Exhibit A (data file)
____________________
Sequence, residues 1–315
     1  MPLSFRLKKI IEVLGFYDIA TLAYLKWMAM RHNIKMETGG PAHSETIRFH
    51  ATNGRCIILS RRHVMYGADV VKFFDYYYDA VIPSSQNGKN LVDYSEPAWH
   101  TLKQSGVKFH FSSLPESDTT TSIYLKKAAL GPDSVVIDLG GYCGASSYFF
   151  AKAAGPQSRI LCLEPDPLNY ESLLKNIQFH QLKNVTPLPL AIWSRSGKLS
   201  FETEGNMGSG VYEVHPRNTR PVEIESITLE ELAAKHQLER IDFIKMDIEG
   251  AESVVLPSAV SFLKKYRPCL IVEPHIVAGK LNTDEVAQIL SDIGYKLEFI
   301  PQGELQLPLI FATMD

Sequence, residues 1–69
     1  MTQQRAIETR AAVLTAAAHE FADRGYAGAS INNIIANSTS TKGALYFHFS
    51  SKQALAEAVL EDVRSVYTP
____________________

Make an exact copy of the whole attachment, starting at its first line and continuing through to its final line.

Sequence, residues 1–315
     1  MPLSFRLKKI IEVLGFYDIA TLAYLKWMAM RHNIKMETGG PAHSETIRFH
    51  ATNGRCIILS RRHVMYGADV VKFFDYYYDA VIPSSQNGKN LVDYSEPAWH
   101  TLKQSGVKFH FSSLPESDTT TSIYLKKAAL GPDSVVIDLG GYCGASSYFF
   151  AKAAGPQSRI LCLEPDPLNY ESLLKNIQFH QLKNVTPLPL AIWSRSGKLS
   201  FETEGNMGSG VYEVHPRNTR PVEIESITLE ELAAKHQLER IDFIKMDIEG
   251  AESVVLPSAV SFLKKYRPCL IVEPHIVAGK LNTDEVAQIL SDIGYKLEFI
   301  PQGELQLPLI FATMD

Sequence, residues 1–69
     1  MTQQRAIETR AAVLTAAAHE FADRGYAGAS INNIIANSTS TKGALYFHFS
    51  SKQALAEAVL EDVRSVYTP